Google calls for rapid development of shared EU-US data transfer framework

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Google is facing problems around the world with its Google Analytics product, which authorities are considering banning. Regulators believe the platform allows US intelligence agencies to access user data. In response, Google is calling for a data sharing framework between Europe and the United States.

Austria, through its Data Protection Authority (DPA), has found that local sites that use Google Analytics violate GDPR regulations. DPA argues that US agencies can use the tool to access user information without authorization. Dutch regulators are taking a similar stance and other EU countries are expected to follow.

Google believes that creating a shared data transfer framework between the EU and the US is the only solution to conflicting data regulations.

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The company points out that businesses now operate globally and sharing data is critical to their success and impact on local economies. As for the EU, Google predicts that billions of euros will flood the economy in the coming years from media and news data services.

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As Google Analytics heats up, it’s easy to think that Google is trying to hedge. However, the company says it has never received a request from US intelligence services in 15 years of operating the platform. Additionally, Google states that it does not anticipate any such request for Analytics data.

The company insists that the laws in place are strong enough to prevent this from happening. To avoid confusion, Google wants a data transfer framework as soon as possible.

“The stakes are too high – and international trade between Europe and the United States too important to the livelihoods of millions of people – to fail to find a quick solution to this looming problem.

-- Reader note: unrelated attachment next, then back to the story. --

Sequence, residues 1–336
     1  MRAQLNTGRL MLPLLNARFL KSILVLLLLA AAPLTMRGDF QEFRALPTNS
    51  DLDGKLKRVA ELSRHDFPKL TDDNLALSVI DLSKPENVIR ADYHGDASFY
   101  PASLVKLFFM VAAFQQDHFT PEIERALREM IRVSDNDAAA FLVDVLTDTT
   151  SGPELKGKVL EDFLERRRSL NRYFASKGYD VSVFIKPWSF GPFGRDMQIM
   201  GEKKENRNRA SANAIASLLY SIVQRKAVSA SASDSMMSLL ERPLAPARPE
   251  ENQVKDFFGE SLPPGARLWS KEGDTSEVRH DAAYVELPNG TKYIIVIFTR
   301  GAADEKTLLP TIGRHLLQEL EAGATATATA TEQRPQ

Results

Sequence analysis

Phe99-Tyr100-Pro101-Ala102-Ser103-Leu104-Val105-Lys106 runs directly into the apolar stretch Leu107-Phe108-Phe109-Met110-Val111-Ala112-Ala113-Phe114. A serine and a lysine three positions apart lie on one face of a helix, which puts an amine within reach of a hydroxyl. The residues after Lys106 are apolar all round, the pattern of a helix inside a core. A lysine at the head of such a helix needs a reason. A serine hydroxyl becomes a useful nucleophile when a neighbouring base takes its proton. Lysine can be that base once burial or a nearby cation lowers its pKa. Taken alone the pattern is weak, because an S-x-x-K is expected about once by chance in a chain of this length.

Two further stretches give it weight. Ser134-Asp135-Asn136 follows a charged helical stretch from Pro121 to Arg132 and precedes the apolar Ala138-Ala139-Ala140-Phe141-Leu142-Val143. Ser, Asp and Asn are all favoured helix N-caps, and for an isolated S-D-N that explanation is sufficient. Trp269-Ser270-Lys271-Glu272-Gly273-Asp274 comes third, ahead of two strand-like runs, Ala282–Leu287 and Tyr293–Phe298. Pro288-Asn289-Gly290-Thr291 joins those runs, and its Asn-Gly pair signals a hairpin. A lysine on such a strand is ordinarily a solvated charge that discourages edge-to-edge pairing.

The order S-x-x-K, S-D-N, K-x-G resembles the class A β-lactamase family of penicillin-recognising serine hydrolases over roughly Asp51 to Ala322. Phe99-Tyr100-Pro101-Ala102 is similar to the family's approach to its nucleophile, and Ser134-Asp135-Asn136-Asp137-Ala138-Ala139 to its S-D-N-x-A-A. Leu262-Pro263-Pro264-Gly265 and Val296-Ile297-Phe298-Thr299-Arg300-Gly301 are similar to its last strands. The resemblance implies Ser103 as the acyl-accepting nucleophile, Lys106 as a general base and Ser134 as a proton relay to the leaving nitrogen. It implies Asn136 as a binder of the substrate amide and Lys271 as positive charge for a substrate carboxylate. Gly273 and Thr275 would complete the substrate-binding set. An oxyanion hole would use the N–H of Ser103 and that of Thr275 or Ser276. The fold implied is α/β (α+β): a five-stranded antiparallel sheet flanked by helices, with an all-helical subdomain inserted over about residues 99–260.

A sustainable framework — a framework that provides stability for businesses providing valuable services in Europe — will help everyone, at a critical time for our economies. A new framework will strengthen the transatlantic relationship, ensure the stability of transatlantic trade, help businesses of all sizes participate in the global digital economy, and avoid potentially serious disruptions to supply chains and transatlantic trade. And it will ensure the continued protection of people’s right to privacy on both sides of the Atlantic.

We strongly support an agreement and have supported reasonable rules governing government access to user data for many years. We have long advocated for government transparency, legal processes and oversight reform. We were the first major company to create a transparency report on government requests for user data, we were founding members of the Global Network Initiative and the Reform Government Surveillance coalition, and we support the OECD on government access to data. At this point, we urge both governments to adopt a flexible and aligned approach to addressing this important issue. »

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